It’s fair to say that Newey didn’t enjoy the best of years in European F3 in 2017, but he did beat the highly-rated Joey Mawson and Mick Schumacher to the MRF Challenge title.

It will be interesting to see how he fares in Super Formula in his first season, particularly if B-Max's new Motopark tie-up helps it move up the pecking order.

Álex Palou, Nakajima Racing

 Álex Palou, Nakajima Racing
8/20

Photo by: Masahide Kamio

Debut: 2019
Wins: N/A
Titles: N/A
2018 championship position: N/A

After testing a Super Formula car for the first time in 2017, European F3 graduate Alex Palou has finally bagged a seat in the Japanese championship.

The Spanish driver has immediately marked himself out as one to watch, breaking the Suzuka lap record on the very first day of pre-season testing this year.

Palou’s arrival may also mark the revival of Nakajima Racing, which has suffered from declining fortunes in recent seasons.

Tadasuke Makino, Nakajima Racing

Tadasuke Makino, Nakajima Racing
9/20

Photo by: Masahide Kamio

Debut: 2019
Wins: N/A
Titles: N/A
2018 championship position: N/A

Some would say that it was unfair for Honda to recall Tadasuke Makino to Super Formula this year, given his fine campaign in Formula 2 and a spectacular win in the Monza feature race.

But if Nobuharu Matsushita can return to the F1 ladder after a year in exile, so can Makino if he impresses his bosses enough on home soil.

Makino will have a strong benchmark within the team in Palou, with the pair forming arguably one of the most exciting line-ups on the grid.

Kenta Yamashita, Kondo Racicng

Kenta Yamashita, Kondo Racicng
10/20

Photo by: Masahide Kamio

Debut: 2017
Wins: 0
Titles: 0
2018 championship position: 9th (11.5 points)

Kenta Yamashita may have been overshadowed by Kondo teammate Nick Cassidy last year, but he did a solid job to help secure the teams’ title.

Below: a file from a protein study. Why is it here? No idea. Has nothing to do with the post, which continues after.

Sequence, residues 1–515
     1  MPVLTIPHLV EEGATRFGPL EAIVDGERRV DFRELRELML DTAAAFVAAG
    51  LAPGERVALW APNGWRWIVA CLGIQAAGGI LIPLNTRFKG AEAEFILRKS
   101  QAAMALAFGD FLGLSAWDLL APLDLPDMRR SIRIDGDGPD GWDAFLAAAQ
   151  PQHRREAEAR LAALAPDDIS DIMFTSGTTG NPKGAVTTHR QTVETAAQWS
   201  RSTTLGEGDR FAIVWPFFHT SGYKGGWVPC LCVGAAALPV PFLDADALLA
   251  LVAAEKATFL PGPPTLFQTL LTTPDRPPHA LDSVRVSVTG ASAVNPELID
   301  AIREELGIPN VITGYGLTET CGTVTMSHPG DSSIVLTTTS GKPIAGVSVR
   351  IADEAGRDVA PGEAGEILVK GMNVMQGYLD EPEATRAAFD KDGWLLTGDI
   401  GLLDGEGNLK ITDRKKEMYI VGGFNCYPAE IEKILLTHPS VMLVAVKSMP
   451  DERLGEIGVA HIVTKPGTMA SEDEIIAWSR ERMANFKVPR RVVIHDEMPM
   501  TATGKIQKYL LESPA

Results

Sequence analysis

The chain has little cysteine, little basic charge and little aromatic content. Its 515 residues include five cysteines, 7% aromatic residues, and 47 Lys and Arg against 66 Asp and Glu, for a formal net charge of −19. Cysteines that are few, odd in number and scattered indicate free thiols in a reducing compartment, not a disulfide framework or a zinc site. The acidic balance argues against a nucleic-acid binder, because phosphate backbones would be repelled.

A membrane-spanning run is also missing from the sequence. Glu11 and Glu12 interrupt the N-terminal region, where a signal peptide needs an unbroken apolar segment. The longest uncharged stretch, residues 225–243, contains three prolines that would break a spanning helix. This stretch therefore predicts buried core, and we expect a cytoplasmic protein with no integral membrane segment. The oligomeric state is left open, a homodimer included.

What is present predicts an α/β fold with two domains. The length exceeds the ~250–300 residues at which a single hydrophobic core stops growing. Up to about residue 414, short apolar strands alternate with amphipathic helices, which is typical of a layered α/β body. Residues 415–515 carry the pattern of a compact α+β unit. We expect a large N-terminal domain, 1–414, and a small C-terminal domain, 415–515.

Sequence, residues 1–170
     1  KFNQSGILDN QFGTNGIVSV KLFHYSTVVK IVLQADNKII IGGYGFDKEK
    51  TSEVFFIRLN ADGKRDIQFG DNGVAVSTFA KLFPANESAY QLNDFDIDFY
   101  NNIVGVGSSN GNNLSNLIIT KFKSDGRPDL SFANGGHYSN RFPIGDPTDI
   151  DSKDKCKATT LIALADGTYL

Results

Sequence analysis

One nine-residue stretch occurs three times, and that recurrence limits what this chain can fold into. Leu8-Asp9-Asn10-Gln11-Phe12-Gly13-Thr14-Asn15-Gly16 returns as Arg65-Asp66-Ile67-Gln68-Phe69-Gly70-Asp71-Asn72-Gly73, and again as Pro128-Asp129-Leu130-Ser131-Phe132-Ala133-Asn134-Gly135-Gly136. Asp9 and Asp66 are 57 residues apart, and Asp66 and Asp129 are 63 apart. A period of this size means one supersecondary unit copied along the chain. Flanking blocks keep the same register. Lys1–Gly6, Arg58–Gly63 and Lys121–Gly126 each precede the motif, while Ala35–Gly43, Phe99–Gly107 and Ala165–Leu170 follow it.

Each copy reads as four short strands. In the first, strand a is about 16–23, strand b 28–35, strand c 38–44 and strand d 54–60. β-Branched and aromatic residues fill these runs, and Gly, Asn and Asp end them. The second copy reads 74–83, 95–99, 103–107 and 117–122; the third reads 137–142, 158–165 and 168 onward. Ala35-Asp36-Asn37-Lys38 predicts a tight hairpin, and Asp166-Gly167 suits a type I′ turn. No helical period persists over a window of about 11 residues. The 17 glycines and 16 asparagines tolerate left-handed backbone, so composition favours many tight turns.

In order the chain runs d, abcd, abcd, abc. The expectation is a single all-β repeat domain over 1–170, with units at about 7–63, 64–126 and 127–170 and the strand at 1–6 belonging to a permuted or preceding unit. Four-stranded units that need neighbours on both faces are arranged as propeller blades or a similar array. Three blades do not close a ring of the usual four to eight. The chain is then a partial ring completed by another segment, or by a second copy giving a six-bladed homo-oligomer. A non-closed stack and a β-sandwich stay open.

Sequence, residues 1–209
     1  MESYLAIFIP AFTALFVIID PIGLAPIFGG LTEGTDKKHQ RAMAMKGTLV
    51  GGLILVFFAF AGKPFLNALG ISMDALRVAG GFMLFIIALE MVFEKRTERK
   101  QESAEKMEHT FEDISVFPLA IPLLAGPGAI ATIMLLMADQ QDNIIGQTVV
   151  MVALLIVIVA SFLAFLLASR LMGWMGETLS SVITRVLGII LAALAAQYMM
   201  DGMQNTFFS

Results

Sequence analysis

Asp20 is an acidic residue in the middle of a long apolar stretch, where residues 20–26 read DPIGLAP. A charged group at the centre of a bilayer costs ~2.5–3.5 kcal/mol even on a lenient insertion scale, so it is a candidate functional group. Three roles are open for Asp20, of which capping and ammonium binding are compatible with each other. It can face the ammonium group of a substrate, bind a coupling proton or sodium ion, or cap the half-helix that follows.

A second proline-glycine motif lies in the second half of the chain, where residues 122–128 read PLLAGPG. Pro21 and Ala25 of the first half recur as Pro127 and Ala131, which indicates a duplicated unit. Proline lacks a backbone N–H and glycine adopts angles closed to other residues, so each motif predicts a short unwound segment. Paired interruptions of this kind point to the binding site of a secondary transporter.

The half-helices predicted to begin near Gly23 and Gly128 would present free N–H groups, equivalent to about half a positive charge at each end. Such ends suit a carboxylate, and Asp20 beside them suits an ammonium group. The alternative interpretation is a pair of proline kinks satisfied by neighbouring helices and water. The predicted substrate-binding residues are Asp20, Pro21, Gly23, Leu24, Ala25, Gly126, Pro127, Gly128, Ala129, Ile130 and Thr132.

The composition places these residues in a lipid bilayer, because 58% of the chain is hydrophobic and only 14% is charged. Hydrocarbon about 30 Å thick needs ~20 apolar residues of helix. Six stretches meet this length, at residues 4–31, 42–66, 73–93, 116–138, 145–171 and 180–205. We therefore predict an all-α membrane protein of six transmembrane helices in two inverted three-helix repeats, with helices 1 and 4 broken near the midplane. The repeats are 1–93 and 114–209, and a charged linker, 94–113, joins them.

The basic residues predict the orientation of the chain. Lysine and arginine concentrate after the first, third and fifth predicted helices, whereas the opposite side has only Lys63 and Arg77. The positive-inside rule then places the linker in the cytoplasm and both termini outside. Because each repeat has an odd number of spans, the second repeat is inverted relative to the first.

And it shouldn't be forgotten that Yamashita romped to a fourth place finish in the prestigious Macau F3 race only three years ago.

With Cassidy departing to TOM'S, Yamashita assumes the status of Kondo team leader and is tasked with steering an outfit that enjoyed its best season to date last year.

Yuji Kunimoto, Kondo Racing

Yuji Kunimoto, Kondo Racing
11/20

Photo by: Jun Goto

Debut: 2011
Wins: 2
Titles: 1
2018 championship position: 8th (11.5 points)

Yuji Kunimoto has fallen from grace since claiming the 2016 Super Formula title and has also had to put his underwhelming Toyota LMP1 stint behind him.

Last year marked another low point for his career, as he scored just one podium all season, prompting Toyota to drop him from its front-running Inging team.

But Kunimoto remains part of the Toyota fold even after an ostensible demotion to Kondo. And perhaps a lower-pressure environment will help him find his undoubted speed again.

Artem Markelov, Team LeMans

 Artem Markelov, Team LeMans
12/20

Photo by: Masahide Kamio

Debut: 2019
Wins: N/A
Titles: N/A
2018 championship position: N/A